By Hugo Beniada
Written by the editors at Fueled. We develop iPhone and Android apps.
We’ve been thinking about upcoming tech trends this year here at Fueled, and we just can’t seem to stop coming back to wearable technology.
Every big company in the tech field has tried to create that new “it” product. When Sony announced its plan to release a Smartband, Archos and LG quickly followed with similar press releases. Because the market will soon be saturated with similar products, consumers may be apprehensive to buy any of these devices. There is no clear information about them yet and that leaves room for confusion. But the real question is will customers even want these devices? Companies like Fitbit are hoping that by partnering with major fashion brands, wearable technology will become an appealing accessory to add to any wardrobe.
Fashion designer Tory Burch recently announced a partnership with the tech company to design a new range of its famous Fitbit Flex: aimed to track burned calories, steps, and active minutes for its users. Wearable technology, and more specifically fitness monitors, truly suffer from lack of design development. Even though the main purpose of using this kind of devices is to stay healthy and in good shape, this move by Fitbit will certainly differentiate the company from its main competitors which include the Nike FuelBand and Up from Jawbone.
Set to hit stores this spring, the collaboration will certainly enhance Fitbit’s image by attracting women who are supposedly less inclined to adopt new technologies in comparison to men. The collection will be divided into accessories that include pendants, bracelets, and wristbands.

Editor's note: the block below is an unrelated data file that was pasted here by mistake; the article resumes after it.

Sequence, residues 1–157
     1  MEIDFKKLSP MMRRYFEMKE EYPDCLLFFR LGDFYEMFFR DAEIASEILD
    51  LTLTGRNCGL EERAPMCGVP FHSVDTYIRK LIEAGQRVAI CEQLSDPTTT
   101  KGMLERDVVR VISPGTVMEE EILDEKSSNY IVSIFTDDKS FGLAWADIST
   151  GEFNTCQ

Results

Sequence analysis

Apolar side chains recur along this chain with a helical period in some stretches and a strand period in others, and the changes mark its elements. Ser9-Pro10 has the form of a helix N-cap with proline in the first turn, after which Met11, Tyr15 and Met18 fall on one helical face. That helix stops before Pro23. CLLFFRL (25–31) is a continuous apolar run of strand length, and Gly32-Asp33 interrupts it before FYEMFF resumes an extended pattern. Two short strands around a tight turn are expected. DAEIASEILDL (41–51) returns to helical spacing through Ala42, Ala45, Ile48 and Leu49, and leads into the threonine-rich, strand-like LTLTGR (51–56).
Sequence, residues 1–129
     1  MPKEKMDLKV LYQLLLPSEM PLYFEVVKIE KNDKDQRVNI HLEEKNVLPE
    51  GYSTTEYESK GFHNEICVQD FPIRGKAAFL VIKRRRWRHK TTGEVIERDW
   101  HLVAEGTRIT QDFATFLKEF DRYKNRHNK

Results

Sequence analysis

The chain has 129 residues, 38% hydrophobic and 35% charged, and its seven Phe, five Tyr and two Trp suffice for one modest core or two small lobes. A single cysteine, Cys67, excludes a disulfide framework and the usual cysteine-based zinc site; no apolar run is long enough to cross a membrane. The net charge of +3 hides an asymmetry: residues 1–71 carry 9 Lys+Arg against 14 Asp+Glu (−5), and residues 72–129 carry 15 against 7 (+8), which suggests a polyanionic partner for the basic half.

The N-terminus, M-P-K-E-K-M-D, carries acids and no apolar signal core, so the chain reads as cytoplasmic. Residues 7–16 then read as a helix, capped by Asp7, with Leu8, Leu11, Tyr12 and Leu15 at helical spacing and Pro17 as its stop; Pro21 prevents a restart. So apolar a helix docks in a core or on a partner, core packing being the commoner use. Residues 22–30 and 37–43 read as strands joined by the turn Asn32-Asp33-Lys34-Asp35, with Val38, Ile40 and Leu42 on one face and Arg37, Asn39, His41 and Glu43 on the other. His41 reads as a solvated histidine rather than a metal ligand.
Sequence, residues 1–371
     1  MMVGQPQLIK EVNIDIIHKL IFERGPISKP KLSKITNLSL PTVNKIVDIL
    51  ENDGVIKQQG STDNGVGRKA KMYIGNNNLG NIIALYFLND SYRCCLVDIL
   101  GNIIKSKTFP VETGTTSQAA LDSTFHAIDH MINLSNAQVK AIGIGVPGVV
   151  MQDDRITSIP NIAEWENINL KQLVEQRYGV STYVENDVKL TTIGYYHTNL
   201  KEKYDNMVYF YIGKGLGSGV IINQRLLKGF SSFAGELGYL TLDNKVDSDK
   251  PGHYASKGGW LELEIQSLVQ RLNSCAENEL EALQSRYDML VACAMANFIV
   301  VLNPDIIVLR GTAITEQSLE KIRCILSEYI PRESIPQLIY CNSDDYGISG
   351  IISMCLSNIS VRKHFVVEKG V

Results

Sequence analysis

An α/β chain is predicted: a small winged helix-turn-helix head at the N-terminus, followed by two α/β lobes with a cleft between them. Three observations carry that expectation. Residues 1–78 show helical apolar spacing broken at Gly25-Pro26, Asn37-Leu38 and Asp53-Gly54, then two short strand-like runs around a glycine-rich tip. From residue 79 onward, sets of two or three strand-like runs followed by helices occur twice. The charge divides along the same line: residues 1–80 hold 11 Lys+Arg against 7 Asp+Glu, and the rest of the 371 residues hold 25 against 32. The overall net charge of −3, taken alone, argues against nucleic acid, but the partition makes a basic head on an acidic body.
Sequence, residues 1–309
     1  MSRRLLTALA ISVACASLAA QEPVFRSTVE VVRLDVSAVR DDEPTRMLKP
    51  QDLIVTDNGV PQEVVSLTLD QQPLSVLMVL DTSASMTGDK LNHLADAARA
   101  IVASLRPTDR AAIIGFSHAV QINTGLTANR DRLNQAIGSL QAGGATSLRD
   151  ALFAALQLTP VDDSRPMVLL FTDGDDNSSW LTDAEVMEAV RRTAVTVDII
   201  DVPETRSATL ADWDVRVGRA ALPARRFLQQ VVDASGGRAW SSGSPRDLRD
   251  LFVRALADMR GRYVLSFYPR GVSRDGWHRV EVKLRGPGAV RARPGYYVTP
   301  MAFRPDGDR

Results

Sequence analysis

Fashion has caught the attention of not only Fitbit, but Intel too. They will be designing a smart wristwatch with fashion house Opening Ceremony to be sold exclusively at Barneys. Carol Lim and Humberto Leon, the people behind Opening Ceremony and Parisian luxury company Kenzo, are responsible for the external design of the watch. Both known worldwide in their respective industries, Intel and Opening Ceremony may have made the best move in the wearable technology market so far. FitBit and Tory Burch just don’t have enough influence to make the same sort of impact that Intel and Opening Ceremony will.
What outcome can we expect from this new pairing? A huge move brewing at Apple. In September, Paul Deneve, the previous CEO of the French fashion house Yves Saint Laurent became Vice President of the Cupertino firm. Burberry’s previous CEO, Angela Ahrendts, also joined Apple as Senior Vice President of Retail and Online Stores. Some of the fashion world’s most important people are just suddenly working for the biggest tech companies in the world? It’s certainly not an accident. When Paul Deneve was talking about working on “special projects,” Apple’s aficionados immediately started speculating about the impending announcement of the iWatch.
Taking a quick view peek at the wearable technology market’s health, companies feel the need to make their products’ design outstanding. If these devices are going to become a growing part of our user experience as companies hope, aesthetic mustn’t be left behind.